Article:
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There are a number of good reasons why a startup should consider venture capital (VC) support. Here are five: (aleksandr-mansurov-ru/Getty Images/iStockphoto)
There are a number of good reasons why a startup should consider venture capital (VC) support. Here are five: (aleksandr-mansurov-ru/Getty Images/iStockphoto)

Five reasons why venture capital support is a good idea for your startup Add to ...

There are a number of good reasons why a startup should consider venture capital (VC) support.

1. Guidance and support: This is frequently cited as a major selling point by entrepreneurs. VC investors understand the sectors they invest in intimately – they are experienced in the field and know where things are headed. For instance, a VC that specializes in technology will meet frequently with senior executives at blue chip technology companies in Canada and Silicon Valley, and have insight into research and development and strategic road maps that can help steer the product/service toward something the established category leader would highly value. VCs also have people on their teams that have built similar companies in the past. In short, they have the experience, know-how and incentive to help grow your business.

2. Connections bring options: Having a good idea is one thing, but knowing where to take it can be challenging. Venture capitalists who operate in one sector have economies of scale, develop many contacts and can connect firms across their portfolios. They can open doors, create synergies across companies and provide entrepreneurs with access to top talent. Options are empowering and the connections can create a snowball effect that can facilitate rapid growth.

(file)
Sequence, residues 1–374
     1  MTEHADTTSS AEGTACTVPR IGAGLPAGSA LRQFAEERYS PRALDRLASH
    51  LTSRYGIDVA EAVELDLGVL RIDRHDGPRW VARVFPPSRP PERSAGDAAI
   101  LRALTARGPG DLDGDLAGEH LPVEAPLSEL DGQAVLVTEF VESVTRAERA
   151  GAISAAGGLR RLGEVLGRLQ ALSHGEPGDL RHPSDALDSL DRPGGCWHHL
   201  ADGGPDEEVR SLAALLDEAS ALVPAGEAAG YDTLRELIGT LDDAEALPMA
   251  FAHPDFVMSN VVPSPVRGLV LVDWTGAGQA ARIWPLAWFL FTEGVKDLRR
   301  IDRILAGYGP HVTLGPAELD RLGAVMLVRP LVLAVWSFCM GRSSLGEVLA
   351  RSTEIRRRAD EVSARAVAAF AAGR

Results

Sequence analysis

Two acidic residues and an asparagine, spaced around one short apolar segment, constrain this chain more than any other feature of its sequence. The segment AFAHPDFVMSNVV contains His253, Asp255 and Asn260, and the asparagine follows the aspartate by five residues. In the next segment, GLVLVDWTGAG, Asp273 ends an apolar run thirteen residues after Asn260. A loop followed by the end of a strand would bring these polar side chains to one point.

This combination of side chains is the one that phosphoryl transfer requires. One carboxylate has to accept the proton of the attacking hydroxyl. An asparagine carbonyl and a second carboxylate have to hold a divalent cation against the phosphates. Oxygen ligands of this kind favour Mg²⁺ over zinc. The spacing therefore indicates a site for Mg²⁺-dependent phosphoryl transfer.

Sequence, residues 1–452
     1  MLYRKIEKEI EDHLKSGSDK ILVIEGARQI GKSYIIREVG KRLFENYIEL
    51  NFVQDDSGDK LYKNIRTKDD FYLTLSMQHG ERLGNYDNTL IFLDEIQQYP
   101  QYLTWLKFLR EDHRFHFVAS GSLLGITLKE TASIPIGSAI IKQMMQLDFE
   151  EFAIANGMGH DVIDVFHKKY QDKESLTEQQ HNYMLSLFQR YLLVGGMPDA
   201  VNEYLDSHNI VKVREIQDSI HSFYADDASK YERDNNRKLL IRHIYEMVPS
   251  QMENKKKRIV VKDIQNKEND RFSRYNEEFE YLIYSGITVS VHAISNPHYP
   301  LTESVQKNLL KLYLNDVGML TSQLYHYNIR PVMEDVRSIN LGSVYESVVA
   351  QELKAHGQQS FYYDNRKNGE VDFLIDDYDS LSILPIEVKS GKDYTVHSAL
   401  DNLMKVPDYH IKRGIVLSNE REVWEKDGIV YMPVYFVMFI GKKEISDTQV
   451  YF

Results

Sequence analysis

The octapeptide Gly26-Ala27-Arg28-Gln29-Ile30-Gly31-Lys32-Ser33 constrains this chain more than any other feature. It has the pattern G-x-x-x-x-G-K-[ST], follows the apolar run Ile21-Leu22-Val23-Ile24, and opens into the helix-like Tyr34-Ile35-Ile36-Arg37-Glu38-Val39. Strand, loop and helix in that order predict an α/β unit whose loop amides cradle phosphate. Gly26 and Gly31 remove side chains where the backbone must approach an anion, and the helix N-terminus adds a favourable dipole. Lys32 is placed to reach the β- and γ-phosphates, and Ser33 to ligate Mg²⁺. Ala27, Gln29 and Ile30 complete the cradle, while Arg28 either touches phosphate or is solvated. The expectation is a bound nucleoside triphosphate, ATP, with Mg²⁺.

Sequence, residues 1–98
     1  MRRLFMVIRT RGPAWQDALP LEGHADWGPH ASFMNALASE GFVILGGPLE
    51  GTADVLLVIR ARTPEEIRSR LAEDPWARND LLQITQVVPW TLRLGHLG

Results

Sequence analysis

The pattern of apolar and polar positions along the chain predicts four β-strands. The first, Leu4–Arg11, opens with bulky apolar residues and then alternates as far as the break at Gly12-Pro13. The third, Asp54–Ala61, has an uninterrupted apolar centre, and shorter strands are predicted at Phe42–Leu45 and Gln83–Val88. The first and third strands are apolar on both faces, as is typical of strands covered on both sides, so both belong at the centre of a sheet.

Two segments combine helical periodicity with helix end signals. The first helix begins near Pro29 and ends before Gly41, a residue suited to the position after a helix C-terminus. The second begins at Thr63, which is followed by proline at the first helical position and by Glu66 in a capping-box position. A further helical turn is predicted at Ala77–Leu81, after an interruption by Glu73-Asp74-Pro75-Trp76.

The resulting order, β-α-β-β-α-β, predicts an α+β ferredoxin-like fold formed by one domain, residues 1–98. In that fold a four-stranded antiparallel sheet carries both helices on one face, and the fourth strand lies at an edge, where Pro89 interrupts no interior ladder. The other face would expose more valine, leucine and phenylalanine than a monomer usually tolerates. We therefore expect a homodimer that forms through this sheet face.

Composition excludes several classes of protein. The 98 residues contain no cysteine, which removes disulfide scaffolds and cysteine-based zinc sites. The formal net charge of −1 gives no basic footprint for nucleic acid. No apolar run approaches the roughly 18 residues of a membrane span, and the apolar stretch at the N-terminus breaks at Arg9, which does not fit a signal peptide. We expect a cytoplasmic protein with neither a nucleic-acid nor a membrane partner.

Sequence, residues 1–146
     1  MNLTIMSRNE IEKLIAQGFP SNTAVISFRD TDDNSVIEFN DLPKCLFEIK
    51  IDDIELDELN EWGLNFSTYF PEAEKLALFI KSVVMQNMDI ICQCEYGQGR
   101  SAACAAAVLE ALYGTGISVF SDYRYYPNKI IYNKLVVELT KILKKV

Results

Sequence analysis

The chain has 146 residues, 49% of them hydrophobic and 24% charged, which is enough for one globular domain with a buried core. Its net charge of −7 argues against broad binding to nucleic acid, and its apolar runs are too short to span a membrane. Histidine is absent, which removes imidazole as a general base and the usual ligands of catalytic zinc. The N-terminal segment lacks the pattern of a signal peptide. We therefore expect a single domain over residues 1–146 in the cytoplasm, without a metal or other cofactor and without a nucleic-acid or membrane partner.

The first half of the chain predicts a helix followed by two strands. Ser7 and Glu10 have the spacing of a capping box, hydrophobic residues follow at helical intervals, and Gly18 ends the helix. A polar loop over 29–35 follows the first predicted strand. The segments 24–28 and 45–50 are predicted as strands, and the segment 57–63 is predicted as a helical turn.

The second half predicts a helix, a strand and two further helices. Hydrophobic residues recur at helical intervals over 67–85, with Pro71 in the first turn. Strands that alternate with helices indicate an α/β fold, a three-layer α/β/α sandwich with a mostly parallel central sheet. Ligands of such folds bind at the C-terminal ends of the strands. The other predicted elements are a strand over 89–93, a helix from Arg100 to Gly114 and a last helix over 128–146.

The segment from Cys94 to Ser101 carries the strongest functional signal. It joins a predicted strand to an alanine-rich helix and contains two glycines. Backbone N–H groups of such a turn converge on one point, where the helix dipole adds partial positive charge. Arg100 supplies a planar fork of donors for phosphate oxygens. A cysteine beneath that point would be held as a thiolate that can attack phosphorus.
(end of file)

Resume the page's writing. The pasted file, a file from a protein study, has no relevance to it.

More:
3. Patient money: Sometimes it’s not about being first to market, it’s about getting your product or service right or even waiting for the right timing. Public money isn’t patient and neither is bootstrapped money when rent is due. Venture capital investment, on the other hand, is frequently referred to as patient money. Strong VCs understand that, unlike the residential real estate industry where the prevailing strategy is ‘rip’em and flip’em,’ startups need time to grow. Milestones are set and a business plan is often built five-plus years out. This gives the entrepreneur time to expand at a reasonable pace, without the pressures for instance of answering to analysts on Bay Street as is the case after an IPO.

4. Supporting your own business is stressful and time consuming: Finding your next dollar can be extremely stressful, time-consuming and distracting. It takes a certain temperament to handle the stress of it all while keeping an eye on the business. Having VC support allows entrepreneurs to focus more on growing the business, while lessening exposure to personal financial risk.

5. Better performance: All of these arguments lead to one important reality that most entrepreneurs care the most about: performance. The facts speak for themselves. Venture-backed companies significantly outperform non VC-backed companies. According to a 2013 venture capital report released by the CVCA and BDC, over a five-year period, VC backed companies have almost two and a half times higher sales growth, almost 50 per cent greater employee growth, invest over three times more in R&D and have 15 per cent higher survival rates after five years.

Performance metrics are one thing, but consider the number of VC-backed success stories in Canada like OpenText, Shopify, Acquinox Pharmaceuticals, and Lumenpulse to name just a few. There are of course plenty of examples south of the border as well, including household names like Microsoft, Google, YouTube and Intel.

While your startup may or may not achieve these vaunted levels, with the guidance, support, connections and sheer level of funding available, it is very likely that acquiring VC investment at some point in your trajectory will improve your business’ chances.

Mike Woollatt is the CEO of the Canadian Venture Capital & Private Equity Association

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